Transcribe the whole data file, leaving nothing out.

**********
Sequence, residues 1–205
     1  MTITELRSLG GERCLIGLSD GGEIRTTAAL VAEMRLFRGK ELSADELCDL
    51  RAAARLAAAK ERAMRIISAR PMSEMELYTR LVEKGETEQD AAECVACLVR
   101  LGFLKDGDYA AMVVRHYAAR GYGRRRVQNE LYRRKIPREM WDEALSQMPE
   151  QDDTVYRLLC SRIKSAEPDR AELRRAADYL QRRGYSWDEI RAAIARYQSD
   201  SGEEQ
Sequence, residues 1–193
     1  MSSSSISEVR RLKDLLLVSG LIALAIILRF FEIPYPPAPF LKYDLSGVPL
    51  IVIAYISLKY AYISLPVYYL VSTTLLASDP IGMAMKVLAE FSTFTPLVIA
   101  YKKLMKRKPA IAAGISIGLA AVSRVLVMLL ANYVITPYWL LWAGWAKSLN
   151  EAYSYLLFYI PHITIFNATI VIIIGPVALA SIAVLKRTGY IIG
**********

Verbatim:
Sequence, residues 1–205
     1  MTITELRSLG GERCLIGLSD GGEIRTTAAL VAEMRLFRGK ELSADELCDL
    51  RAAARLAAAK ERAMRIISAR PMSEMELYTR LVEKGETEQD AAECVACLVR
   101  LGFLKDGDYA AMVVRHYAAR GYGRRRVQNE LYRRKIPREM WDEALSQMPE
   151  QDDTVYRLLC SRIKSAEPDR AELRRAADYL QRRGYSWDEI RAAIARYQSD
   201  SGEEQ
Sequence, residues 1–193
     1  MSSSSISEVR RLKDLLLVSG LIALAIILRF FEIPYPPAPF LKYDLSGVPL
    51  IVIAYISLKY AYISLPVYYL VSTTLLASDP IGMAMKVLAE FSTFTPLVIA
   101  YKKLMKRKPA IAAGISIGLA AVSRVLVMLL ANYVITPYWL LWAGWAKSLN
   151  EAYSYLLFYI PHITIFNATI VIIIGPVALA SIAVLKRTGY IIG